The Modern Age




twentieth century




(Classical Music Map)



 

I. History of Classical Music  (by John Stanley)
The great composers and their masterworks in MP3 format
 
Albeniz Borodin Donizetti Hindemith Prokofiev Schutz
Albinoni Brahms Dowland Janacek Puccini Scriabin
Allegri Britten Dvorak Kodaly Purcell Sibelius
Arne Bruckner Falla Leoncavallo Rachmaninov Smetana
Auber Busoni Field Liszt Rameau Strauss J.S.
Bach Byrd Gabrieli Lully Ravel Strauss R.
Barber Carissimi Gershwin Mahler Respighi Stravinsky
Bartok Charpentier Gesualdo Mendelssohn Rimsky-Korsakov Tallis
Beethoven Cherubini Glinka Meyerbeer Rossini Tchaikovsky
Bellini Chopin Gluck Monteverdi Saint-Saens Telemann
Bernstein Clementi Gounod Mozart Scarlatti Verdi
Berwald Corelli Grieg Mussorgsky Schoenberg Victoria
Berlioz Couperin Handel Pachelbel Shostakovich Villa-Lobos
Bizet Debussy Haydn Paganini Schubert Vivaldi
Boccherini Delibes Hildegard Palestrina Schumann Wagner
Orff  "Carmina Burana"
II. History of Jazz
 



 



Dmitri Shostakovich




(1906-1975)



 

Critics generally agree that Shostakovich, in his 15 symphonies and 15 string quartets, exhibits remarkable stature and range of expression. The influence of Mahler is particularly visible in the epic scale of the symphonies, with their frequent juxtaposition of tragedy and savage irony.

The listener discovers a far more ambiguous distance, however, between Shostakovich as the foremost Soviet composer of his time — with a long list of optimistic and affirmative "official" works to his name — and the private man, whose bleak depression appears at its most extreme in such late works as the String quartet No. 15, made up of six Adagio movements.

The young Shostakovich studied at the St Petersburg Conservatoire, taking time off from his studies to play the piano in cinemas to support his sisters and widowed mother. He was outstanding as both a pianist and composer, and in 1927 won a prize at the Warsaw Chopin Competition for his playing. His Symphony No. I, a precociously assured masterpiece written in 1924 and 1925, soon gained a place in the international repertoire, which it has retained to this day.

Incidental music for film and stage suited Shostakovich's fluent abilities, and in an opera, The nose, he explored his gift for satire. He also employed satire in the opera Lady Macbeth of Mtsensk to heighten the tragic emotional world of the central character, a frustrated wife who murders her husband. To start with, the opera was a great success, performed 83 times in St Petersburg and 97 in Moscow between 1934 and 1936. In 1936, however, the composer suffered a dramatic reversal of fortune when an article in Pravda entitled "Chaos Instead of Music" viciously attacked the modernist tendencies of his score.

Shostakovich's Symphony No. 5 in 1 937 was subtitled by the composer "the creative reply of a Soviet artist to justified criticism." While it reinstated the composer in official favour — and remains popular -one can detect a subtext of irony in its hollow heroics. Shostakovich followed with his Symphony No. 7 "Leningrad", a straightforward and widely performed symbol of wartime patriotism, then with the more ambiguous Eighth symphony. His increasing exploration of chamber music and its capacity for expressing more private utterances resulted in his again being condemned, along with fellow Soviets Prokofiev and Aram Khachaturian, in the cultural purge of 1948.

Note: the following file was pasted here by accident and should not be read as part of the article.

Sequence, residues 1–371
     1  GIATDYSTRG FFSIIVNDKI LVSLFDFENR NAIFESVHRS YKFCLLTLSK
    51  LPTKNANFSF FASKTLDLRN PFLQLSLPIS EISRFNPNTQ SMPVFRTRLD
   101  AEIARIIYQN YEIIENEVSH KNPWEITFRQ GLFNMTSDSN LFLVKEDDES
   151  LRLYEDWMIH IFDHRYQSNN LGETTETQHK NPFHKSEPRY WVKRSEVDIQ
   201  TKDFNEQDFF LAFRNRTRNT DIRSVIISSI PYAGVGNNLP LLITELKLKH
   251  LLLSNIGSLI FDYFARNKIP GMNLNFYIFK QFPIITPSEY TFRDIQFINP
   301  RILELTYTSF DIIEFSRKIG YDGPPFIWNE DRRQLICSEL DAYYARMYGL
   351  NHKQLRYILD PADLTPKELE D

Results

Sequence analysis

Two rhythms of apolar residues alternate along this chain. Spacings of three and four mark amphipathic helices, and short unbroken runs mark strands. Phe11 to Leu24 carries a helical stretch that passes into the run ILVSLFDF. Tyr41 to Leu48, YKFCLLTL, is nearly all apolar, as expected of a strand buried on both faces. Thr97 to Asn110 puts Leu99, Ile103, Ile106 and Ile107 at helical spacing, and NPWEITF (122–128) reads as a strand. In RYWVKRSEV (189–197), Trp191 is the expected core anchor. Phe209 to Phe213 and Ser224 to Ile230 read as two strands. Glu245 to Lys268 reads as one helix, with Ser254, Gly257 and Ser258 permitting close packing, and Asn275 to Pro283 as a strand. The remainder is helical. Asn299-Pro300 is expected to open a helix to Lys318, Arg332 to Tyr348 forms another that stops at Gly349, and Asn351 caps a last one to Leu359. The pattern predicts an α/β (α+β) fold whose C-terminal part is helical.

Shostakovich resorted to writing vacuous, optimistic trivia, holding back works such as the Violin concerto No. I that might annoy Stalin. Stalin's death in 1953 gradually ushered in a period of official relaxation: Shostakovich's Symphony No. 10 of that year has the air of a personal statement, with its ubiquitous use of a figure derived from letters of the composer's name, and its slow progression from darkness to guarded optimism. By the 1960s sufficient liberalization had occurred for Lady Macbeth to be performed again, and the Symphony No. 13, though ostensibly dealing with Nazi atrocities against the Jews, was widely interpreted as a condemnation of Stalin.

Shostakovich suffered from ill health during his last decade, and much of the lean music dating from that period is concerned with death. Of his Symphony No. 14 he said, "The entire symphony is my protest against death": a song cycle for soprano, bass, and string orchestra, it is a striking instance of possibly the greatest symphonist of his time redefining what the symphony can do.

 





Dmitri Shostakovich



Shostakovich

 

Dmitri Shostakovich (1906-1975)



REPRESENTATIVE WORKS

 

Cellosonata in D min Op.40
Tamami Toda
Allegro non troppo
Concerto No.1
Natasja Douma
String quartet No 3
Oberon Quartet
Allegretto
Moderato con moto
Allegro non troppo
Adagio - attacca; Moderato - Adagio
Preludes, Op. 34
Anna
Polonsky
9. E Major
10. C-sharp Minor
11. B Major
12. G-sharp Minor
13. F-sharp Major
14. E-flat Minor
15. D-flat Major

Trio No.1 in c, Op. 8
Jeff Cobb-Piano; Eric Rosenquist-Violin; Eric Rosenquist-Viola
Andante

Trio No.2 in e, Op. 67
Jeff Cobb-Piano; Eric Rosenquist-Violin; BlasterValue-Cello

Andante/Moderato
Allegro Con Brio
Largo
Allegretto


 


Pablo Picasso
 

 

Barber

Bartok

Bernstein

Britten

Gershwin

Hindemith

Janacek

Kodaly

Prokofiev

Rachmaninov

Respighi

Schoenberg

Shostakovich

Stravinsky

Villa-Lobos

 

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